Dixie DIY: Ballet Dress

DSC03112Wow guys… two makes in one weekend. I think that’s a record for me. I’ve been so busy having fun every weekend that I really wanted to chill out and spend some QT with my sewing machine. I made this sweet little knit dress using the Dixie DIY Ballet Dress Pattern. I really love this dress. It’s comfortable, skims the body enough to show you’re a lady, and easy to make.

I was going to add a skirt to my Maria Denmark t-shirt pattern, but then felt lazy. Dixie already did the work for me, it’s only $4, and (this is really why I didn’t buy this pattern sooner) Etsy now allows *instant* PDF downloads. Also I wanted to help a sistah out.

DSC03115I cut a size medium, but ended up taking the side seams quite a bit. Next time (and there will be a next time), I’m going to start with a size small and go from there. I didn’t make an changes to the pattern, other than shortening the sleeves. I really wanted to see how this was going to fit and wear before I started going crazy with the one billion hacks and variations I’ve got swimming in my brain.

I need to add about one inch to the front bodice piece. It pulls up on account of my bosom. It almost feels like an empire waist dress. Marie had the same issue when she made the dress, so I’m going to assume this would be a needed adjustment for somebody with a full C-D cup bra size. Also the sleeves are pretty loosey goosey. When I make  a long sleeved  version I’m going to slim them down quite a bit.

DSC03121I love the drape of the skirt. It flares out in the most flattering way and moves and swishes with you as you walk. This photo isn’t the greatest but it shows how it skims, but doesn’t cling to my figure problem area, known affectionately in my house as my pizza pouch. I eat the shit out of pizzzzzzzzzzaaaaaaa.

DSC03123I changed the order of construction, because I like to work flat with knits as much as possible. I work in a production studio for a knitwear line so I can do this in my sleep. If you’re interested here is my usual order of construction:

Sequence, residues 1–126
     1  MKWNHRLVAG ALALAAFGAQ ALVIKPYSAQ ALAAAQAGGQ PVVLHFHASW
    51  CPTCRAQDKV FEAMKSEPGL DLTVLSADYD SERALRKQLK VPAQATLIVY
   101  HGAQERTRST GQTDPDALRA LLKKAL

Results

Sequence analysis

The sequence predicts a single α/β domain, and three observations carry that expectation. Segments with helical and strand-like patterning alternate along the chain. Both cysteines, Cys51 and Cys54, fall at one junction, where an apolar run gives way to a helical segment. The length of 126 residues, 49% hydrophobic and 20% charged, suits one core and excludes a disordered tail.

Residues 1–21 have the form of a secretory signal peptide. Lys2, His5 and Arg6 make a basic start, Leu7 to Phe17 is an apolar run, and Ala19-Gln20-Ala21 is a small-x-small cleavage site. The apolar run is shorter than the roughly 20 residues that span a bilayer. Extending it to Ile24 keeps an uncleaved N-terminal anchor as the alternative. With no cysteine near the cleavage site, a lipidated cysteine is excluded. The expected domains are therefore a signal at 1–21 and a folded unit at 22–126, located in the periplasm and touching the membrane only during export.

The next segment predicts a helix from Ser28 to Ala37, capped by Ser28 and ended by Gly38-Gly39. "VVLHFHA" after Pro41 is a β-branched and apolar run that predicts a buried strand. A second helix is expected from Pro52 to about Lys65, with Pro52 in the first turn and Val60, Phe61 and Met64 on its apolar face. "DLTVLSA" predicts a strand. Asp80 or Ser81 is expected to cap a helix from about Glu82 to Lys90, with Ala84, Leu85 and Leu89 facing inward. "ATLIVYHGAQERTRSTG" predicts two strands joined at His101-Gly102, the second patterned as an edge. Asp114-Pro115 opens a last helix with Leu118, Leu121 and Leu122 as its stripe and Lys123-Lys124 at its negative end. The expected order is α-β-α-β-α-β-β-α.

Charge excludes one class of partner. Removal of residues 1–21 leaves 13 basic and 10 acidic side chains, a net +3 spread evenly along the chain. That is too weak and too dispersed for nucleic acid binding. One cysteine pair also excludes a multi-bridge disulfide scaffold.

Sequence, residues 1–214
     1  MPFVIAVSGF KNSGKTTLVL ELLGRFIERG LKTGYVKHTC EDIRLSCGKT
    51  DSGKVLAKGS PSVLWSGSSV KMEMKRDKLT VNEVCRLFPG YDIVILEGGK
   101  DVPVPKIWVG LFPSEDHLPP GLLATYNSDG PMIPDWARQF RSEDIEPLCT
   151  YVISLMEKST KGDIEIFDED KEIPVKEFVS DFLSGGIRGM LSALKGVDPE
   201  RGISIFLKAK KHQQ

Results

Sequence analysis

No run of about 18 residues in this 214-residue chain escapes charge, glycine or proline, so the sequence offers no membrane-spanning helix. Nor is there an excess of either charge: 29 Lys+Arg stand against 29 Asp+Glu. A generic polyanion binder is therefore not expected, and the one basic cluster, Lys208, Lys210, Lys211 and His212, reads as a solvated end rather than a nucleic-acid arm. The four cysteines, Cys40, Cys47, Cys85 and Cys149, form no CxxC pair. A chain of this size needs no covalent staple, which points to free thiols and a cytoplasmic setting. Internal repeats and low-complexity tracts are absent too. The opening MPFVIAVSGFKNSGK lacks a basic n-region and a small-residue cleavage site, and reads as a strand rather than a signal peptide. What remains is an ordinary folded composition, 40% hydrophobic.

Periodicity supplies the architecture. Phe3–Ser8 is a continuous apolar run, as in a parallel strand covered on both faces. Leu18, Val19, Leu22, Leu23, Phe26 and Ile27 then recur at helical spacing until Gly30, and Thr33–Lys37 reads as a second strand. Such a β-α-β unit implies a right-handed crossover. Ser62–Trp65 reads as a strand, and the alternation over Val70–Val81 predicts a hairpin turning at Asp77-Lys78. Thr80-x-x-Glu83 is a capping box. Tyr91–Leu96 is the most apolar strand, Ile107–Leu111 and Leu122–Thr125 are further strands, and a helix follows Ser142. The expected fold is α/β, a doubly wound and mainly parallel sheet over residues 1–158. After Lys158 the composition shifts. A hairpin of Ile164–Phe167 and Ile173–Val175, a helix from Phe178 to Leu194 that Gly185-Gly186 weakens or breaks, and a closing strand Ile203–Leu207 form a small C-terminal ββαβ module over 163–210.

(1) Sew shoulder seams, apply twill tape for stability. (2) Sew sleeves to shoulders. (3) Attach elastic to the top edge of the skirt pieces on the wrong side. Be careful to not stretch out the elastic. I used my walking foot. (4) Sew skirt pieces to both the bodice front and back (5) Sew the side seam in one long continuous seam, matching the underarms and waist. I like to start at the sleeve hems because I get to the match points sooner. (6) Apply the neck band (7) Hem, I used my twin needle for this.

xx, Cynthia



Sweet-Twee Macaron

I know this isn’t Earth shattering news, but I absolutely adore Colette Patterns.Sarai designs such pretty, flattering, feminine designs. I always feel like a lady when I wear one of my Colette’s. I even got a compliment from a stranger as soon as I left the house today. That always feels good 🙂 This is Macaron, and I unfortunately let it languish in the pattern stash far too long. I decided to pull it out so that I could participate in this months Sew Collette, hosted by Erin, Rochelle, and Sarah.

I found both of these fabrics thrifting, so this pretty dress cost me only about $15 to make. Gotta love that! The blue floral is a very light and somewhat sheer cotton gauze, and the brighter blue is some sort of drapey linen blend. I have a bunch left of both fabrics, so you might see some more of them.

As far as making this , I finished this in a day. That’s not to imply that it was easy or came together quickly. I just got super focused and had a dressmaking marathon. I think I spent about 8-9 hours total on this (thank you Radio Lab and This American Life podcasts)! I found this dress to be quite challenging and every bit the intermediate rating that it has.

I had originally planned for some sheer silk chiffon for the upper bodice and magenta rayon twill for the body, but I’m glad I haven’t cut into those fabrics yet. I’m not sure if my skills are up to snuff to make a challenging dress out of challenging fabric.

I don’t know if other people have noticed this, but I had a few typos on my pattern. Most notably one of the midriff pieces, was missing the cutting line for the size 4 . I guestimated, but there was little bit of fudging the skirt to match the waistband. Other than that every thing went together well, if not quickly. It’s pretty tricky attaching the sweetheart, to the upper bodice. That alone took me an hour.